I’ve always thought of Charlotte Perriand’s work as falling into two distinct phases: the heavy-metal, industrial designs prior to World War II, when she famously worked in collaboration with Edouard Jeanneret and Le Corbusier on the B306/LC4 Chaise and other iconic furniture, and the more naturalistic, craftsmanlike pieces of heavy, carved wood she produced after living in Japan and Vietnam during the war.

So a suite of doors up for auction at Rago Arts in New Jersey took me by surprise, with their space-age nacreous finish. It’s a Perriand completely unfamiliar to me, seemingly lifted straight out of 2001: A Space Odyssey, or even Barbarella. How do these doors of gel-coated fiberglass fit in with all that rustic pine?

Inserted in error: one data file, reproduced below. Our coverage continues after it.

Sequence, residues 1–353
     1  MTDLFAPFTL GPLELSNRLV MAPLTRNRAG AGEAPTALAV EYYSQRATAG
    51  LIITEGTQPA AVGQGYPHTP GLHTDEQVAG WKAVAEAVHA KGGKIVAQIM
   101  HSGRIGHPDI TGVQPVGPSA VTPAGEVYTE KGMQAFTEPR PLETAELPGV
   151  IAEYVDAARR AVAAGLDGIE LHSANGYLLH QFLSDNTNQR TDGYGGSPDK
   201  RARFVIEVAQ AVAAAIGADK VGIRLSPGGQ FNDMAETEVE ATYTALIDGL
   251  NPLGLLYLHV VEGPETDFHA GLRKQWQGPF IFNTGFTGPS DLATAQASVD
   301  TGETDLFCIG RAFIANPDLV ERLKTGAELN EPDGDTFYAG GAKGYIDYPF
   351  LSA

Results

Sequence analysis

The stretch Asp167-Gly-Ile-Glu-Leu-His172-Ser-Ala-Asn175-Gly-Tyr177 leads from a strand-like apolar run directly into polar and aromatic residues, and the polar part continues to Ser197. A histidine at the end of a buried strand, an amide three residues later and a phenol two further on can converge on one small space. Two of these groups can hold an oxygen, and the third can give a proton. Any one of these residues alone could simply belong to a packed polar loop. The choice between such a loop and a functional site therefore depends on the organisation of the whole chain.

I did a little research into the provenance of the doors, which Perriand designed for Les Arcs, a ski resort in the French Alps. The giant complex was built in phases starting in 1968 (the year both 2001 and Barbarella were released, coincidentally), and Perriand had a heavy hand in the development from the outset.

The images I found online show an amazing, unorthodox blend of the rusticism one would expect of both late-period Perriand and any Alpine ski lodge, with a dash of the plastic-fantastic sensibility of the era. Perriand never relinquished her interest in industry; it simply evolved with technology from steel to synthetics.